How to Identify and Control Anthracnose Disease

How to Identify and Control Anthracnose Disease

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What is Anthracnose?

Anthracnose is actually a group of fungal diseases that are related. Believe it or not, it can surprisingly take on varying appearances on different plants, but also at different stages too. This, unfortunately, is one of the reasons it can be a little harder to identify. We have included a series of pictures in this guide to show you how different it can present between plant species.

They typically cause dark discolouration on leaves and dark lesions. I have personally had issues with it on my Hydrangea bushes, and you can see in the picture below the discolouration it can cause.

Hydrangea bush infected with Anthracnose Disease
A Hydrangea bush infected with Anthracnose Disease

This disease affects a wide variety of plants including trees, fruits and vegetables. This fungal disease overwinters in dead plants and fallen leaves. Then in the cool and wet spring, it will infect your plants. It also seems to spread more in periods of wet weather.

I have found to control this disease it’s more about preventing it in the first place. You can do this by removing fallen leaves, removing infected plants, and pruning away any affected stems from trees. On occasions, I have used copper fungicide to help prevent it or a Bordeaux mix.

The spread of this disease slows down and even stops in the hot dry summer. Only to start up again in the cooler months of autumn, which is why prevention is key. It’s worth noting that Anthracnose is not usually fatal, it is a disease that leaves your plants disfigured. That being said, I would still remove infected plants and then prune out infected stems of trees, including fruit trees.

Anthracnose on mango leaves
Anthracnose on mango leaves

How to recognise Anthracnose

Anthracnose manifests as small lesions or wounds in the leaves. The problem is it can be hard to identify Anthracnose from other diseases. One way is to look for small tan or brown pin-head size dots on the underside of the leaves.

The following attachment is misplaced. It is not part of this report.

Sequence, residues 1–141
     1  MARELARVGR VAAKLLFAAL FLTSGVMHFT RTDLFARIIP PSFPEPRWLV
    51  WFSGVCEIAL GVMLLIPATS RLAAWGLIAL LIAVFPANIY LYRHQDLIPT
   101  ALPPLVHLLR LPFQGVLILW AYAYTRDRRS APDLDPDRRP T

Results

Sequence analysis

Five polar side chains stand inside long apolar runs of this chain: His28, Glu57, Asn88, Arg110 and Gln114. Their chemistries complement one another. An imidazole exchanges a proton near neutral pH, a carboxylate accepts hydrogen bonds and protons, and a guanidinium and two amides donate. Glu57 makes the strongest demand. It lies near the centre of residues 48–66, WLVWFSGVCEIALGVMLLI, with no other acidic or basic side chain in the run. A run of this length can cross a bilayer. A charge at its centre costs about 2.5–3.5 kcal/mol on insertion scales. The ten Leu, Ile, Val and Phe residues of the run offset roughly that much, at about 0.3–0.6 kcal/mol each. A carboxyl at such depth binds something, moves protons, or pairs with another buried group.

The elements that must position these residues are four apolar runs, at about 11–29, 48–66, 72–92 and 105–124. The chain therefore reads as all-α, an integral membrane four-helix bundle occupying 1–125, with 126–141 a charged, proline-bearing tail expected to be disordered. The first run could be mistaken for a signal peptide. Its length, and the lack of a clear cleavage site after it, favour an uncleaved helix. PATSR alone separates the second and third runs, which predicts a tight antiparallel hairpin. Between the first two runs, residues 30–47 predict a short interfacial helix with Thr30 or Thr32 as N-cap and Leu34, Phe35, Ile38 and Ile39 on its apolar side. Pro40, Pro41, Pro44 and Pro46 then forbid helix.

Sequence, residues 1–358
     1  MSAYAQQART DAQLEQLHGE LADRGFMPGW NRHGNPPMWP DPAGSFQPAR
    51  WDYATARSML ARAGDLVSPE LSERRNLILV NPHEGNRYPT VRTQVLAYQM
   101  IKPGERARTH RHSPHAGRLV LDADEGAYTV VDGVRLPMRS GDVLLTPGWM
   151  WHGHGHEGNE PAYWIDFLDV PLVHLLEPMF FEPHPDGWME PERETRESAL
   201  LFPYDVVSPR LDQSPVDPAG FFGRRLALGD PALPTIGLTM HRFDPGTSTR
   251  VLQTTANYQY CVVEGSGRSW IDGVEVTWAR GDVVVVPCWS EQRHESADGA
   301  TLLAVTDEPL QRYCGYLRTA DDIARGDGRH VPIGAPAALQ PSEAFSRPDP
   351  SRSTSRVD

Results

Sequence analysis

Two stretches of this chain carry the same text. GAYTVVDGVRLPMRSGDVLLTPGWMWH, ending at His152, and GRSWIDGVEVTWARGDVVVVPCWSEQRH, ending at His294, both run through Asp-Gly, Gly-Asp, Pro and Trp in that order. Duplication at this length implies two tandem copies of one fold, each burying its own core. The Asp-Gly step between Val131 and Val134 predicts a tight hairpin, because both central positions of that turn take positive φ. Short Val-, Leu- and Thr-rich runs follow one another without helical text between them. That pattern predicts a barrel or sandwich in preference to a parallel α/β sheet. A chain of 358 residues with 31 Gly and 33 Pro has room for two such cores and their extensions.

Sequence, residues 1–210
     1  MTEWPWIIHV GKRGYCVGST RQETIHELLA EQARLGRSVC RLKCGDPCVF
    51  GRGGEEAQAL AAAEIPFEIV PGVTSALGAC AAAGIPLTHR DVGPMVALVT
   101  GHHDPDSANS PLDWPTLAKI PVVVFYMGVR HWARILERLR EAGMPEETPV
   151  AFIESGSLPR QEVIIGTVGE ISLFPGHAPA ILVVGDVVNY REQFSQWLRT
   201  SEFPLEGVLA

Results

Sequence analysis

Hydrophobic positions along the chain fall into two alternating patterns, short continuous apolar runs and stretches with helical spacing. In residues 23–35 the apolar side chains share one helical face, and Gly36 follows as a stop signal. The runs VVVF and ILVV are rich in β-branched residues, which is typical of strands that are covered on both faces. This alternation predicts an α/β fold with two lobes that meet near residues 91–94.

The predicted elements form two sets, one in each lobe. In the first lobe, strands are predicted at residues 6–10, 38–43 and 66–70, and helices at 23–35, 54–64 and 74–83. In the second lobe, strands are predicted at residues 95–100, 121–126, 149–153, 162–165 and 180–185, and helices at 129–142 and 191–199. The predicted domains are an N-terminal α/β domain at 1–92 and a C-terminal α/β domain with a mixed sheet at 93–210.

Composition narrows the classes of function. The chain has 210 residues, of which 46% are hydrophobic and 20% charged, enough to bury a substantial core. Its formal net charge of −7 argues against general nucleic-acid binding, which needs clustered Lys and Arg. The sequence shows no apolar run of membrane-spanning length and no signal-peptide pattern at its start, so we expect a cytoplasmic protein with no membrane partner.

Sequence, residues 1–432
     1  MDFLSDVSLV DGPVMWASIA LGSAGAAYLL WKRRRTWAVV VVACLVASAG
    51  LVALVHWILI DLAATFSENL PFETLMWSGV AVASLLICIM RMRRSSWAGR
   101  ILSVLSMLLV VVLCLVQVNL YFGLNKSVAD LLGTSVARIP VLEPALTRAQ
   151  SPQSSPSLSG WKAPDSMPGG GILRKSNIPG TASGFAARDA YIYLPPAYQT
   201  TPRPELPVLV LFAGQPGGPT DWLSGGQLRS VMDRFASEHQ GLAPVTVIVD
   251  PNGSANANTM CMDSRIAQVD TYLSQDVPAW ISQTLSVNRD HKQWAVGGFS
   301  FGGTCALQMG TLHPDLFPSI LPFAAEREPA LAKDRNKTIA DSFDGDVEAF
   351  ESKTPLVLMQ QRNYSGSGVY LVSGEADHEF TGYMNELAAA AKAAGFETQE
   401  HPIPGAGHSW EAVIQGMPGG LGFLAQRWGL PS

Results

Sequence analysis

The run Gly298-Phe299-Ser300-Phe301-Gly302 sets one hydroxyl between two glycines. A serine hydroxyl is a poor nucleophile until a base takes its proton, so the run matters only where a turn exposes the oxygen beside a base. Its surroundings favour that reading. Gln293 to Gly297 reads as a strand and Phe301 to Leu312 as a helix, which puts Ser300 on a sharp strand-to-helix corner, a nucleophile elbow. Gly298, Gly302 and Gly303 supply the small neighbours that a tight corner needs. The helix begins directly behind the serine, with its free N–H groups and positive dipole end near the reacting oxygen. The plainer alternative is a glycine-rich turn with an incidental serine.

Anthracnose that has affected grape vine leaves that otherwise look healthy
Anthracnose that has affected grape vine leaves that otherwise look healthy

As you can see from the pictures I have included in this guide, unlike rust disease, blackspot and even powdery mildew it can present very differently on varying species of plants.

What to do when your plants get Anthracnose?


Healthy plants in well-drained soil are far less likely to be infected. Reduce any stresses on your plants by providing them with the best environment as well as proper care to promote strong and healthy growth. This means making sure the soil is free-draining. When it comes to watering, try not to water onto the surface of the leaves. Try to water the base of plants because this reduces the chances of spreading it in the water droplets.

What to do if your plants have Anthracnose

Pick up and dispose of any fallen leaves from infected plants. Cut off any diseased twigs, stems and branches using a clean pair of secateurs. Remember to clean them afterwards to make sure you don’t spread this disease to other plants.

It’s also a good idea to mulch around the base of plants because this also helps to prevent the spread.

Unfortunately, there’s no chemical treatment available to gardeners for Anthracnose, so working hard to prevent the disease from making an appearance in the first place will do wonders.

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